After addressing his economic agenda, President Trump turned to matters of crime and drugs at his campaign-style rally in Florida on Saturday. He pledged to "destroy transnational criminal cartels which are all over the United States" and "stop the drugs from" entering American communities and "poisoning our youth."
From there Trump transitioned seamlessly to immigration and national security, pledging to support U.S. veterans and "rebuild" the military. "I've ordered the construction of a great border wall which will start very shortly," he said, "and I've taken decisive action to keep radical Islamic terrorists the hell out of our country."
On the subject of his suspended immigration executive order — twice defeated in court and currently in legal limbo — Trump argued that the court rulings do not cite the Immigration and Nationality Act of 1952 because if they were to do so, it would become evident that his order is legally justified. He read a portion of the law in support of his case and promised new action on the matter soon. "I listened to these judges talk and talk and talk. So unfair," Trump said. "So we'll be doing something in the next couple of days. We don't give up. We never give up." Bonnie Kristian
President Trump's speech at his campaign-style rally in Florida on Saturday began with his "big" and "bold" economic agenda, a plan Trump said will make "a new day in America, you're gonna be proud again."
"You want lower taxes, less regulation, millions of new jobs, and more products stamped with those beautiful, beautiful words, 'made in the USA,'" Trump said, because "when American workers win, America as a country wins and wins big." Among his specific goals, Trump spoke of "put[ting] the miners back to work" on "clean, very clean coal;" his administration's withdrawal from the Trans-Pacific Partnership (TPP); the 35 percent outsourcing tax — "They're not leaving, and if they do, they're gonna pay a very big price" — and oil pipelines including the Dakota Access Pipeline.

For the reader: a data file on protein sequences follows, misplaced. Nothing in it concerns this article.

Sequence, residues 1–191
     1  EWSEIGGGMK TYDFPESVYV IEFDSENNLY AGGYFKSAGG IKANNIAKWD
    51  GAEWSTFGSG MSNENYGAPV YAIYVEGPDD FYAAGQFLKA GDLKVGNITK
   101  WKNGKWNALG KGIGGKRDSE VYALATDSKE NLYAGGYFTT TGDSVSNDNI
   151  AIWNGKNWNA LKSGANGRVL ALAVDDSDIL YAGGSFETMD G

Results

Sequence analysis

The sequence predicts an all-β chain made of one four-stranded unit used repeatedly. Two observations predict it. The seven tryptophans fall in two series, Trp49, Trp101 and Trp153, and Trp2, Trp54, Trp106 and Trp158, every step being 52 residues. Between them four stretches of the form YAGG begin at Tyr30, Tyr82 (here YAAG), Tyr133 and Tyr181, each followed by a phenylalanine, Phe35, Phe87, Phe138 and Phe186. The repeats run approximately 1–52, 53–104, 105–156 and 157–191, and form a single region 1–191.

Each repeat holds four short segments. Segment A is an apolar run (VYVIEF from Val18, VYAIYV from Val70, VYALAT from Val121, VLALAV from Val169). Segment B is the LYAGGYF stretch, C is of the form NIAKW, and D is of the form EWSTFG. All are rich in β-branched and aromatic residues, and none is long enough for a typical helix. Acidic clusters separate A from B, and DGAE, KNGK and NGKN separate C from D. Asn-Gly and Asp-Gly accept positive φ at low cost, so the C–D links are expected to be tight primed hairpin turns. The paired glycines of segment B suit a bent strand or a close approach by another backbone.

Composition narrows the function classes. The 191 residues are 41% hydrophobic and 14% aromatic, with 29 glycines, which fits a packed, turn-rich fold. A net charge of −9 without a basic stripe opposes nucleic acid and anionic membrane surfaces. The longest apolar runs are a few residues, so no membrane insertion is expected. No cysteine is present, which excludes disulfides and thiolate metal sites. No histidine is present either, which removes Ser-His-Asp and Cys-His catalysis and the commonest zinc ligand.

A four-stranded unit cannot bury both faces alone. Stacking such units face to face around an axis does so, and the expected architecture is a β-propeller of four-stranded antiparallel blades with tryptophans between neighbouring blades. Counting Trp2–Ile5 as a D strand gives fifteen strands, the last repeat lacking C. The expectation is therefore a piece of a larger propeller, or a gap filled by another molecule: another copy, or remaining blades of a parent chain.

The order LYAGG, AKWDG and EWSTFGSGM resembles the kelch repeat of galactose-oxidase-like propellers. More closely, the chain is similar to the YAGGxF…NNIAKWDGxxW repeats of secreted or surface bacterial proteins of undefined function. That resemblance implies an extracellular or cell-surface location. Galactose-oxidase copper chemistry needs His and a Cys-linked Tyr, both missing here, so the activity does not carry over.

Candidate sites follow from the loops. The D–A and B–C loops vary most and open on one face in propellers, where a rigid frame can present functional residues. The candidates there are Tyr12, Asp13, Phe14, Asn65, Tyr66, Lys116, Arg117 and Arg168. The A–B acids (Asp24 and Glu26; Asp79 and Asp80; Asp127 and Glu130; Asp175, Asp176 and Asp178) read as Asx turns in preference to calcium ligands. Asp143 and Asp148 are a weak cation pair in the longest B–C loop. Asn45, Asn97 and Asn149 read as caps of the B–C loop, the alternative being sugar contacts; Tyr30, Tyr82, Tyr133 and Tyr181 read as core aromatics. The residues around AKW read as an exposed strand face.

From there, Trump turned to the Environmental Protection Agency, newly headed by Trump nominee Scott Pruitt. Before he took office, the EPA was "clogging up the veins of our country with the environmental impact statements and all the rules and regulations," Trump argued. "It meant no jobs." Now, by contrast, "a spirit of optimism is sweeping — and you see it, it's sweeping across the country," Trump said, citing as evidence growth in the stock market and "every poll" pertaining to American optimism. Bonnie Kristian
With a dramatic entrance in which Air Force One taxied up to a stair car, and then the stair car taxied up to Air Force One, President Trump arrived with first lady Melania Trump at his campaign-style rally in Florida on Saturday to enthusiastic applause.